Addressing vulnerabilities through greater preparedness: Several governments have justified proposing or passing harsh NGO laws on the basis that NGOs are poorly run, corrupt and opaque. Funders and lawyers have a key role to play in supporting NGOs, particularly grassroots organizations, to ensure their financial and governance systems are compliant with local laws and international best practice. At the Fund for Global Human Rights we’ve worked with peer funders to brief activists in Mexico to navigate complex anti money laundering legislation; strengthen the organizational resilience of Moroccan women’s and migrant’s rights activists, and in India to use expert accountancy advice to strengthen the ability of groups to secure renewals of their permissions to receive foreign funding. Other kinds of preparedness also include strengthening relationships with local authorities and actors. Moroccan women’s rights organisations have been able to draw on years of experience of engaging and influencing the local police and authorities on violence against women issues, to successfully challenge the early signs of heavy handedness by the police.
Addressing isolation through building alliances, narratives and constituencies: One of the key lessons learned is that where human rights activists have pushed back against restrictive laws successfully it has been by joining forces with other civil society actors. In 2013, Kenyan activists blocked plans for the introduction of a 15% cap on the foreign funding, in alliance with development organisations who made a compelling business case for the contribution of civil society to health and education. In Nigeria, faith groups were successfully fielded on the frontline of the civil society response to a proposed NGO law in 2013. Building local constituencies is equally important, with human rights and development groups being accused of being disconnected from the priorities and needs of the communities they seek to serve. Para-legals have a particularly valuable role to play in translating strategic litigation or legal reform successes into concrete changes, but also addressing the holistic needs of communities by addressing not just access to justice but also the rights to education, health and housing and even access to basic utilities.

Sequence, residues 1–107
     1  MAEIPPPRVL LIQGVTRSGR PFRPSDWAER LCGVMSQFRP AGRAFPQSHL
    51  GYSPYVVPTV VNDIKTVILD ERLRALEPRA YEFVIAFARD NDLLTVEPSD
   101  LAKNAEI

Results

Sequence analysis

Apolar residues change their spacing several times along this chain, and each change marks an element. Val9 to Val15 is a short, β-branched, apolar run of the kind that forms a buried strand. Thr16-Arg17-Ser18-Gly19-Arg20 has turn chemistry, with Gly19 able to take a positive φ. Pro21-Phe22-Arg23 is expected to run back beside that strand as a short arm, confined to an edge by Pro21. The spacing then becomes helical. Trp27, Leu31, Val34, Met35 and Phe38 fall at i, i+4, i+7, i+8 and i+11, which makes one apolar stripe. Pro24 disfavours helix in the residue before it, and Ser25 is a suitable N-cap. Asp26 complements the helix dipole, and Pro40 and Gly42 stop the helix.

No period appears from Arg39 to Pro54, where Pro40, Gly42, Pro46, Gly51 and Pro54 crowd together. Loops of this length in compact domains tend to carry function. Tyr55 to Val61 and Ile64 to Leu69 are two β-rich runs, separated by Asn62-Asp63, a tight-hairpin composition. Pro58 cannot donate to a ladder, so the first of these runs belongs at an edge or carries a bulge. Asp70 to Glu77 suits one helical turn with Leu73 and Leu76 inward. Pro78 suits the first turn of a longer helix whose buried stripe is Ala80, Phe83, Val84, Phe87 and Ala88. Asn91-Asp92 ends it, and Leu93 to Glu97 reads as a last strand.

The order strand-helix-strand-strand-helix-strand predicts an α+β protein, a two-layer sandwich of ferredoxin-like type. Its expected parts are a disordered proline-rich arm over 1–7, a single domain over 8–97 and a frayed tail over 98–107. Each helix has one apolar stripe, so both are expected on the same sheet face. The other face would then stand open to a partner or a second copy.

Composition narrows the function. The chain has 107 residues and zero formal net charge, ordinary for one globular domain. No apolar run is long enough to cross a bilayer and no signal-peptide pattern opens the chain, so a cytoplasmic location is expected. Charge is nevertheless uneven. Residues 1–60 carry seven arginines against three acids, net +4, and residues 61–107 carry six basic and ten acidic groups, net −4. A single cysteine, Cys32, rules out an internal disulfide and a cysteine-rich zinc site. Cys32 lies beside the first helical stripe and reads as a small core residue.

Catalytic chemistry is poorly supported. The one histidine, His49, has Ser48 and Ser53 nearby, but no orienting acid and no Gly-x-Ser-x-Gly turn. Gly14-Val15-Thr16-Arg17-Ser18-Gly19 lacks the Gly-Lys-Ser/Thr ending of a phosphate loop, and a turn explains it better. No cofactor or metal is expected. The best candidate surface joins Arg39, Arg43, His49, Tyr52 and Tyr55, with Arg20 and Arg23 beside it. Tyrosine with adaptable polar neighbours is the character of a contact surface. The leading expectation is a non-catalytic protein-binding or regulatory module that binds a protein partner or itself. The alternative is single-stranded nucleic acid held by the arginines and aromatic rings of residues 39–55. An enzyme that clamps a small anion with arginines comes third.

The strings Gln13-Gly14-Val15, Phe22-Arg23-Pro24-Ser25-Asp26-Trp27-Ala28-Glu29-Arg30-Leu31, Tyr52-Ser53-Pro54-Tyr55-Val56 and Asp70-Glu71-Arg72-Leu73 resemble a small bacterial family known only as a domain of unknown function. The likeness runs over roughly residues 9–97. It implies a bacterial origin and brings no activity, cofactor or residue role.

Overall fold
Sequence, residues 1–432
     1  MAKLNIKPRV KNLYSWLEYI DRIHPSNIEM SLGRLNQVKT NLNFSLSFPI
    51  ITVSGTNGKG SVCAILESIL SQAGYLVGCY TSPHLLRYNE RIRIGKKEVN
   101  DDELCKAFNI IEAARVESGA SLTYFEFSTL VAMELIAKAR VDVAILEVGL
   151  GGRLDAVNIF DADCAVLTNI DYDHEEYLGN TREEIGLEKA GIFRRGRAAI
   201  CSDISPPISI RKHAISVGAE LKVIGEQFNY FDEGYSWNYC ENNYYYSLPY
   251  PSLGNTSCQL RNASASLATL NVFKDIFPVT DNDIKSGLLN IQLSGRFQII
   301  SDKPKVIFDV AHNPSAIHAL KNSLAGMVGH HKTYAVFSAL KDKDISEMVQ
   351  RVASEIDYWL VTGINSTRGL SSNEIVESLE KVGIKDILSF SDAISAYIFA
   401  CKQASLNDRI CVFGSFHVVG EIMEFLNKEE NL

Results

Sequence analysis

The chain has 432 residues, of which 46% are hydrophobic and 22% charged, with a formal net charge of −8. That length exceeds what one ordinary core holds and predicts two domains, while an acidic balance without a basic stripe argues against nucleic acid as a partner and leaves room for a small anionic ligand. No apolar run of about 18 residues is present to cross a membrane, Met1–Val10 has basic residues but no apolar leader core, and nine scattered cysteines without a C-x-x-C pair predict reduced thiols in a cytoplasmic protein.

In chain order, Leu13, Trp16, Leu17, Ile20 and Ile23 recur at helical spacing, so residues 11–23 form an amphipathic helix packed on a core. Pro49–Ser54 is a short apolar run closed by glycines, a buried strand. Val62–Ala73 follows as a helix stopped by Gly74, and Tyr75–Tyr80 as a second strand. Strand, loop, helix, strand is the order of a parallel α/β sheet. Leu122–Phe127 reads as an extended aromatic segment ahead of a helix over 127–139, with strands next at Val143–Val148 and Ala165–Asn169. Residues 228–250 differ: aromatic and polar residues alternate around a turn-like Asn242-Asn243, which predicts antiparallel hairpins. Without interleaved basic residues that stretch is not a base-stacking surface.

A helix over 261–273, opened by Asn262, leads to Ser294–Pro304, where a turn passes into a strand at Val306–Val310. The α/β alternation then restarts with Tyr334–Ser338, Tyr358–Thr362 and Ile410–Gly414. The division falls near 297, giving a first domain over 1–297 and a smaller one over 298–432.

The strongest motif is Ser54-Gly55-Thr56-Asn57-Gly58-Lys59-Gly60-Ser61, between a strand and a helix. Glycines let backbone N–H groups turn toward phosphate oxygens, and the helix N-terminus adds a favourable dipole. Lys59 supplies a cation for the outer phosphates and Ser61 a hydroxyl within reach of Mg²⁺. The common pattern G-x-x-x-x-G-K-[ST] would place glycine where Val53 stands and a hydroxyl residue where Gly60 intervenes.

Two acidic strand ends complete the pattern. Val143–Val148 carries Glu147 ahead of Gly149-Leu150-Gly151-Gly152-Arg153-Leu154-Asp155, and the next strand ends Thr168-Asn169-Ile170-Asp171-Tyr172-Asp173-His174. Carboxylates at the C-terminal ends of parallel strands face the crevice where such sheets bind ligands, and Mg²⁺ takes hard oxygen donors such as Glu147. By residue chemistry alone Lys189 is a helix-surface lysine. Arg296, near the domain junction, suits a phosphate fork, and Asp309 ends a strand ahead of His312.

Recognising triggers and addressing root causes: Restrictive laws often seem to come out of nowhere, taking civil society by surprise. However, it is possible to spot the triggers that indicate a heightened risk of some form of clampdown on civil society. Elections have been identified as key moment of danger, as incumbent governments seek to silence any form of opposition or scrutiny. Civil society, including lawyers, should be prepared in the run up to elections to challenge fast track restrictive laws, or populist efforts to scapegoat NGOs. Government efforts to comply with global standards to combat terrorist financing and money laundering, have also triggered a tightening of NGO laws globally, with NGOs viewed as a weak link through which funding could be raised or passed to terrorist groups. India’s 2010 Foreign Contribution Regulation Act and Sierra Leone’s 2009 NGO Policy were both introduced after both countries were found to have fallen short in their compliance with global standards. Although largely unknown outside of the field of counter terrorism and human rights, all civil society groups should know when their government is next due to be evaluated by the Financial Action Taskforce on their performance of combatting terrorist financing.
Lawyers and para-legals have an enormously valuable role to play in taking forward these strategies in alliance with other civil society actors, as well as pioneering new approaches.